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Association of Space Explorers

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Human society faces a long-term hazard from asteroid and comet impacts on Earth. The chances are 100% that our planet will be struck again by a large near-Earth object (NEO), and we have discovered only a tiny fraction of the million or so objects capable of destroying a city. Recognizing the threat posed by hazardous NEOs, the ASE, as an international association of influential space fliers, is active in promoting global discussions aimed at a near-term capability to prevent a future damaging impact. The Association formed its Committee on NEOs at its Congress in Salt Lake City in October 2005. The Committee is charged with bringing to the attention of world leaders and key international institutions the threat of asteroid impacts to life on Earth. In an Open Letter of October 14, 2005, the ASE said, in part:

“Due to advances in both the discovery of these objects and in space technology we are aware of the unique fact that these infrequent cosmic collisions are, using advanced space technology, both predictable and preventable. This distinctive and providential characteristic of NEO impacts allows the prevention of these largest of natural disasters, if, and only if, national governments and relevant international institutions understand these inevitable events and act together to prevent their occurrence.” 

Panel on Asteroid Threat Mitigation

Through its international expert Panel on Asteroid Threat Mitigation, the ASE quickly produced a decision-making proposal and a set of recommendations to help the international community address the impact threat. The plan went to the United Nations in 2008. Today, the Committee promotes inter-space agency planning for NEO deflection, and is active in United Nations discussions aimed at a decision-making agreement to deal with hazardous objects. Help ASE facilitate international cooperation on NEOs by making a donation – even small contributions will help us develop the will and technology to prevent a catastrophic impact.

Asteroid Threats: A Call for Global Response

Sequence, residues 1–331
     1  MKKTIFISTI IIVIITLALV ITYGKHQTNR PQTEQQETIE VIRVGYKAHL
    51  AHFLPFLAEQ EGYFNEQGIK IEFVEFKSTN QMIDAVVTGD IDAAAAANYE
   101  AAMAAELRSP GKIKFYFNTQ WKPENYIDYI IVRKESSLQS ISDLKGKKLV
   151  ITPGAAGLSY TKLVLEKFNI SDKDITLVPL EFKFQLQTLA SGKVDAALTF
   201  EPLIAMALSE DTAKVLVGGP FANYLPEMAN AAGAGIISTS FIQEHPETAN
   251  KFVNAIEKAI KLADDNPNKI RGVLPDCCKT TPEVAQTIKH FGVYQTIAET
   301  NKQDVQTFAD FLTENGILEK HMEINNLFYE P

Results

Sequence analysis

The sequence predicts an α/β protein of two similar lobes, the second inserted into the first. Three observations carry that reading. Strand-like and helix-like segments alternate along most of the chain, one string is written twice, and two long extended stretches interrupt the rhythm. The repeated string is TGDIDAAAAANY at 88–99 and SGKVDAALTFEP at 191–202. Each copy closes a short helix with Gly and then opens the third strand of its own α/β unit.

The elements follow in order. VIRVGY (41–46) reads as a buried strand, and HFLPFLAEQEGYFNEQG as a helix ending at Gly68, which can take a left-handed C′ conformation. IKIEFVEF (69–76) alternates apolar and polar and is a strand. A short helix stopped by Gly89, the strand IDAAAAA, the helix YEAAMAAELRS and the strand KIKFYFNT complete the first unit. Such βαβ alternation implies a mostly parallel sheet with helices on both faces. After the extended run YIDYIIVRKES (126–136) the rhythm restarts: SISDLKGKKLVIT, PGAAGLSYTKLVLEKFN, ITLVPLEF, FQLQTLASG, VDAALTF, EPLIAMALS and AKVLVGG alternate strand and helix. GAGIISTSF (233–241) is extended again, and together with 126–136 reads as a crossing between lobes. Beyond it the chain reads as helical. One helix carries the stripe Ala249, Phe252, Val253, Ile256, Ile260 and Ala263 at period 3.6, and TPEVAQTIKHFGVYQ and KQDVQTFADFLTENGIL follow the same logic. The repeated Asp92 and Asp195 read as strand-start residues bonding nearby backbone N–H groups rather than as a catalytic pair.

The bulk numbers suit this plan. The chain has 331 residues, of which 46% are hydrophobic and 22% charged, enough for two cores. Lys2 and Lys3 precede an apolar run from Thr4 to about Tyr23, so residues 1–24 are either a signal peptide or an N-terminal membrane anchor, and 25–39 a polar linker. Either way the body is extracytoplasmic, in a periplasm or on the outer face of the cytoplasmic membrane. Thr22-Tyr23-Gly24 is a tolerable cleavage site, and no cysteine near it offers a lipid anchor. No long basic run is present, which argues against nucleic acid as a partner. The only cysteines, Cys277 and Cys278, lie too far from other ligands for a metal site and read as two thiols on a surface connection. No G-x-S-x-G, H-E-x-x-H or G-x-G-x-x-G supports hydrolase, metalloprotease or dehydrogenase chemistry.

In 2009, after three years of preparation and four international workshops, the NEO Committee formally submitted their report and recommendations:  Asteroid Threats: A Call for Global Response. The report was introduced in the 2009 session of the United Nations Committee on the Peaceful Uses of Outer Space (UN/COPUOS) in Vienna, Austria.  Major elements of our Asteroid Threats report/proposal were adopted by the UN General Assembly in 2013, including formation and UN approval of the International Asteroid Warning Network and the Space Missions Planning Advisory Group. These groups link the space-faring nations and international scientific institutions to search for, identify, and track NEOs, and to plan for an eventual deflection mission to prevent a dangerous asteroid/comet impact. ASE attends regular meetings of these groups to further international efforts to find and deal with hazardous asteroids.

ASE NEO Committee Members

Tom Jones (USA) – Chair

Sergei Avdeev (Russia) 

Franklin Chang-Diaz (USA/Costa Rica)

Pedro Duque (Spain) 

Chris Hadfield (Canada) 

Edward Lu (USA)

Soichi Noguchi (Japan) 

Dumitru Prunariu (Romania)

Viktor Savinykh (Russia)

Gerhard Thiele (Germany)

In 2016, the ASE proposed to the United Nations Committee on the Peaceful Uses of Outer Space that June 30 be designated as Asteroid Day, a worldwide educational event to acquaint the public with the asteroid impact hazard, and to seek international, cooperative support for search and deflection planning efforts. The UN COPUOS approved the ASE Asteroid Day measure, and Asteroid Day has been celebrated ever since each year on June 30, the anniversary of the Tunguska impact event in 1908, the largest impact event in recorded human history.

Asteroid Deflection

ASE and its membership supports the cooperative efforts between NASA and ESA to fly a pair of robotic spacecraft to intercept the near-Earth asteroid Didymos in 2022. The NASA DART spacecraft will strike the Didymos moonlet and alter its orbital period in a demonstration of kinetic impact. ESA’s HERA spacecraft will arrive after the impact event and evaluate the crater formed by DART’s collision, and measure precisely the change in the moonlet’s velocity, and thus the effectiveness of the kinetic impactor. 

Planetary Defense

ASE helps sponsor via financial contribution the biannual, global Planetary Defense Conference, bringing together the world’s experts and research results on defending Earth from a hazardous NEO impact. 

Summary of Planetary Defense Conference 2023
(Tom Jones)

The conference presentations and video are online at:
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Delivering the Astronaut Perspective

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